"I Never Knew Sponsorship Agencies Existed…" 13th May, 2013

I recently attended an event last week in the events industry.  In a slightly different frame of mind than usual (buying rather than selling) I found myself suppressing my usual routine of championing our agency and our unique approach to the rest of the world.  However, I did get caught in a conversation  in which I was explaining what we did to an attendee of the event.  It took somewhat longer than usual, and even in layman’s terms, he still didn’t understand what a sponsorship agency was.  Finally, when I equated it to the people who are responsible for putting ‘those logos you see on football shirts’ I could tell that the light bulb sparked.  The thought of having to explain what it is we actually do would have led, I am sure, to a blank face and awkward shuffle toward the alcohol – so I left it at that…

Coming off of the back of the ESA Summit, and having read other articles postulating how  the sponsorship industry lacks the ability to PR themselves, this comment really made me think about our industry and what the general public thinks of sponsorship, sponsorship agencies, and everyone in between.  One specific comment made at the ESA Summit particularly stood out, it addressed the notion that the industry needs to provide fans and spectators a voice – considering sponsorship is supposed to add value to their experience and form a core part of the win-win-win best practice that our industry promotes.  And now having first-hand experience with someone who works in events, but doesn’t even know what a sponsorship industry does, let alone the fact that they exist is, quite frankly, astonishing.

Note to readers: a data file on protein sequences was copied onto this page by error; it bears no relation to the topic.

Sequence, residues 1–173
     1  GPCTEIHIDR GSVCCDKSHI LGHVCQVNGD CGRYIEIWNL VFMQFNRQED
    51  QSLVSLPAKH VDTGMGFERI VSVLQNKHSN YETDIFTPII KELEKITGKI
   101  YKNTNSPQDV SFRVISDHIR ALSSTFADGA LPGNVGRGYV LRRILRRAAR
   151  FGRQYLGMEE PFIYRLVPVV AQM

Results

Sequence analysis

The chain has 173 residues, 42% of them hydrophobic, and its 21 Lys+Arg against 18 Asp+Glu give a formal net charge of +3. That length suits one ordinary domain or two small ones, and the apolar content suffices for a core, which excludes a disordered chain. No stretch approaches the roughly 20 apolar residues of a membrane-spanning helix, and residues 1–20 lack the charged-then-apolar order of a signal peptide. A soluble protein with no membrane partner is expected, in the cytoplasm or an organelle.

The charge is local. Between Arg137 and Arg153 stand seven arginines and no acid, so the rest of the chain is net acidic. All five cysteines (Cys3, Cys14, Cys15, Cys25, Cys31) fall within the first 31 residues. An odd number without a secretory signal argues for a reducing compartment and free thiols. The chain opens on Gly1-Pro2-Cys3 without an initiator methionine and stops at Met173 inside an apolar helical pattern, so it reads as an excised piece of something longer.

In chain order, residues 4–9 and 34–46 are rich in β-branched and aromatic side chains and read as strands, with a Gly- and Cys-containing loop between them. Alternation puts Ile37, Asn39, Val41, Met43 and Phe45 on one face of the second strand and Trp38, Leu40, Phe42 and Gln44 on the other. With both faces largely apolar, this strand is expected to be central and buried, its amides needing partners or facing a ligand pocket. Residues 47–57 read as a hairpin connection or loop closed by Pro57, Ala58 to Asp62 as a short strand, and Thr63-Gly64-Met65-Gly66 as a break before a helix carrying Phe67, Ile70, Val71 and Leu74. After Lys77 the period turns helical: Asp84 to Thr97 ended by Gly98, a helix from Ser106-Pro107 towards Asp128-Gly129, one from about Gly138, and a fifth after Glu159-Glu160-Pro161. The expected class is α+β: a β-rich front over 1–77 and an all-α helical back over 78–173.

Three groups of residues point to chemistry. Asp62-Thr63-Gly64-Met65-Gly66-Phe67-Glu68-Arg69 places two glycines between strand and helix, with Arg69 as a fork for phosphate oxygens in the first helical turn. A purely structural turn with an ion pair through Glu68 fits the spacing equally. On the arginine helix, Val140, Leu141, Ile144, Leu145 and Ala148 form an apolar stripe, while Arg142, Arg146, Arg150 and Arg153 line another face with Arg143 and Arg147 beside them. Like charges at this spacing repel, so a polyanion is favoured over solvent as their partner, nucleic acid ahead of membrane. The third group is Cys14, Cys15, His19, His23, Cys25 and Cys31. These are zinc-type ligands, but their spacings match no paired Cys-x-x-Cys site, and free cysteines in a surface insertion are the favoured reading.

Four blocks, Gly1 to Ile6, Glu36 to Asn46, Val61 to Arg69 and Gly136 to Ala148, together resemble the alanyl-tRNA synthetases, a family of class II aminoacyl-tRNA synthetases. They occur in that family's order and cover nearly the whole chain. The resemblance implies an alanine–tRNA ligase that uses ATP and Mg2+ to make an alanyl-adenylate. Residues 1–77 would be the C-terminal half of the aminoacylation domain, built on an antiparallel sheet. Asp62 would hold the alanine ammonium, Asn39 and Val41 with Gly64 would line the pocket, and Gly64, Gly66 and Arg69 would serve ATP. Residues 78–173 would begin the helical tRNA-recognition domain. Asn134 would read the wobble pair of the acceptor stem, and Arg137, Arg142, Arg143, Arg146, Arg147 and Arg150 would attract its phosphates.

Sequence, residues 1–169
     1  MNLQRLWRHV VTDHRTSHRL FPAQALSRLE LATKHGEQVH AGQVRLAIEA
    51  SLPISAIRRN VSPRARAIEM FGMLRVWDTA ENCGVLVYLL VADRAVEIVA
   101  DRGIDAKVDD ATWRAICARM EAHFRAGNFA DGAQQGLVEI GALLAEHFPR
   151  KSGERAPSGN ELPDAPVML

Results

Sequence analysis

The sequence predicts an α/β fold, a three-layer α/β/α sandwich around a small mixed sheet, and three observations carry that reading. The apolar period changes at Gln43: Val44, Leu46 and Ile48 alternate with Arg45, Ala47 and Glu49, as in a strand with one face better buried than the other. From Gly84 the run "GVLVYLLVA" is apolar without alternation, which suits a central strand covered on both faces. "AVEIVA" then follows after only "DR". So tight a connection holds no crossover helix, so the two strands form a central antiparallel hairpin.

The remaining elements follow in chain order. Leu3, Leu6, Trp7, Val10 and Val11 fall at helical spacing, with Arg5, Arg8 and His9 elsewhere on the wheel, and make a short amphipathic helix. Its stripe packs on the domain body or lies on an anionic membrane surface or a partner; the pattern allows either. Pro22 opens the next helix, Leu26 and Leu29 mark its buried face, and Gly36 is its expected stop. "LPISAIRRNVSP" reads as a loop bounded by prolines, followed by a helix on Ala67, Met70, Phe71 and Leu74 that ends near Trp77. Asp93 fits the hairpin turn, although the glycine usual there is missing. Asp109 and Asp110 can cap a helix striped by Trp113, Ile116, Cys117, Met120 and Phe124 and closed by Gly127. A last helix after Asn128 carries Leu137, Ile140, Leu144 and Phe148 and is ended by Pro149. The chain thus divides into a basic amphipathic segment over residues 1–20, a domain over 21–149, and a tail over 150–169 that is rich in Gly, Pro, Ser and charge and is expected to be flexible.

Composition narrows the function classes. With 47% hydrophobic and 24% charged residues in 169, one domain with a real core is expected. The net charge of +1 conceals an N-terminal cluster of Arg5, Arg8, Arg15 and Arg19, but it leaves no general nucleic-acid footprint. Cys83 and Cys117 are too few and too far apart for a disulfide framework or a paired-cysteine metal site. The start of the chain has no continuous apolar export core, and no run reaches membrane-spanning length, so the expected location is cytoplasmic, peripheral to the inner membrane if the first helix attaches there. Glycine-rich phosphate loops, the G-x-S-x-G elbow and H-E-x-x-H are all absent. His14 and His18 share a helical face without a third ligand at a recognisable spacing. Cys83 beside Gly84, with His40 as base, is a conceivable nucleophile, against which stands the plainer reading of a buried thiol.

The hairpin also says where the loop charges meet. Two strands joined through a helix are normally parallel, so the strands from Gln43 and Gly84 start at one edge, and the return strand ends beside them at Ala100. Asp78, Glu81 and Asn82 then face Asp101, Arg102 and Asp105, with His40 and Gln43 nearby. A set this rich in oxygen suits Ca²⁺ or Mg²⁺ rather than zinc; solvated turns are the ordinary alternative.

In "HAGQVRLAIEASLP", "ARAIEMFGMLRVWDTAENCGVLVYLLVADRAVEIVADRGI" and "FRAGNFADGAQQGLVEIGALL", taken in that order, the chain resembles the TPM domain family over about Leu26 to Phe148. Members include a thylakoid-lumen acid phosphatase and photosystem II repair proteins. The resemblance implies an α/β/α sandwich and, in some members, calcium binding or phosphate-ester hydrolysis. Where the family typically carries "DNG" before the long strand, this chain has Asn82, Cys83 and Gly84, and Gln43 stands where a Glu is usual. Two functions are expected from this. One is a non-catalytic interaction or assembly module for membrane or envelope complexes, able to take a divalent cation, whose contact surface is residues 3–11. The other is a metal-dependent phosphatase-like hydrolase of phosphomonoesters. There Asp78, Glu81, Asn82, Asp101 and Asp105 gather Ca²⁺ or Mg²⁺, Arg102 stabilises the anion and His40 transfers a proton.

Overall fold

At Slingshot, we believe that understanding the commercial benefits of sponsorship and partnerships is vital to business growth in this shifting market.  As an industry we really need to encourage education on its true benefits not just for our own industry’s sake, but for the sake of utilising these practices to build a successful economy.

Checking-In to Sponsorship with Maps & Social Media 4th July, 2012

With branding and exposure only being part of the modern day sponsorship picture, the focus for brands now lies on new and innovative ways to interact and engage with consumers. Via the use of social media and mapping applications, brands are increasing audience engagement by tapping into their key interests whilst providing the opportunity to play a role and effect change within a campaign.

How are maps and social media being utilised?

Competitions and promotions offer a return for the audience with consumers being tasked with finding clues and unlocking codes in order to be in with a chance to win a reward. The key reason for engagement here, along with the resulting success of the campaign is that this is much more than being entered into a prize draw and getting lucky. Here, consumers are given a platform to compete and earn prizes, rather than simply win them.

Alternatively, games and applications are being used to task the key demographic with using a campaign in order to gain access to exclusive content. Different forms of digital entertainment are generally the ‘bait’ with consumers having the chance to unlock content including videos, music and games.

Example: Competitions